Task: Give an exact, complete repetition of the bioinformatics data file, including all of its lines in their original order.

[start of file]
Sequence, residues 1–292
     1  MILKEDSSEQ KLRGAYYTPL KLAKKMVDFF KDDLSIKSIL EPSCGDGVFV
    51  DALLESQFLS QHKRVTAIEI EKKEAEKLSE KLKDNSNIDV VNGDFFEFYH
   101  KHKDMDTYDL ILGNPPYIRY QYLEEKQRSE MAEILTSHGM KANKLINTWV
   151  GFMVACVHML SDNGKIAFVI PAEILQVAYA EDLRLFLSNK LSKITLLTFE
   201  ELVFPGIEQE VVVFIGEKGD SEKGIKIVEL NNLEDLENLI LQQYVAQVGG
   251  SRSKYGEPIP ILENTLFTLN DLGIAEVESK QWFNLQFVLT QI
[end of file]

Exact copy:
Sequence, residues 1–292
     1  MILKEDSSEQ KLRGAYYTPL KLAKKMVDFF KDDLSIKSIL EPSCGDGVFV
    51  DALLESQFLS QHKRVTAIEI EKKEAEKLSE KLKDNSNIDV VNGDFFEFYH
   101  KHKDMDTYDL ILGNPPYIRY QYLEEKQRSE MAEILTSHGM KANKLINTWV
   151  GFMVACVHML SDNGKIAFVI PAEILQVAYA EDLRLFLSNK LSKITLLTFE
   201  ELVFPGIEQE VVVFIGEKGD SEKGIKIVEL NNLEDLENLI LQQYVAQVGG
   251  SRSKYGEPIP ILENTLFTLN DLGIAEVESK QWFNLQFVLT QI